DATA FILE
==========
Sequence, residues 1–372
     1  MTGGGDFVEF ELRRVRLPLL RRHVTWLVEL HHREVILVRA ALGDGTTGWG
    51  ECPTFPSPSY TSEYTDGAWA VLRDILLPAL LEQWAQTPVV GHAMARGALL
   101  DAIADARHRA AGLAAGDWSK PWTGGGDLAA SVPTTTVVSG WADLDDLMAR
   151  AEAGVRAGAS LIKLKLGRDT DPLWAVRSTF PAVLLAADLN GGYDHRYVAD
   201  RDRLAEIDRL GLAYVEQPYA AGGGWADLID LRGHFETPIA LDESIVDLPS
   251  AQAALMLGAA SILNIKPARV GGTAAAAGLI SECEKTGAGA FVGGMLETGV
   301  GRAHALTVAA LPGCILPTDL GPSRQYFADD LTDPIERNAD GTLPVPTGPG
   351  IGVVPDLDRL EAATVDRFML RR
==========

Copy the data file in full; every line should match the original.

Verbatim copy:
Sequence, residues 1–372
     1  MTGGGDFVEF ELRRVRLPLL RRHVTWLVEL HHREVILVRA ALGDGTTGWG
    51  ECPTFPSPSY TSEYTDGAWA VLRDILLPAL LEQWAQTPVV GHAMARGALL
   101  DAIADARHRA AGLAAGDWSK PWTGGGDLAA SVPTTTVVSG WADLDDLMAR
   151  AEAGVRAGAS LIKLKLGRDT DPLWAVRSTF PAVLLAADLN GGYDHRYVAD
   201  RDRLAEIDRL GLAYVEQPYA AGGGWADLID LRGHFETPIA LDESIVDLPS
   251  AQAALMLGAA SILNIKPARV GGTAAAAGLI SECEKTGAGA FVGGMLETGV
   301  GRAHALTVAA LPGCILPTDL GPSRQYFADD LTDPIERNAD GTLPVPTGPG
   351  IGVVPDLDRL EAATVDRFML RR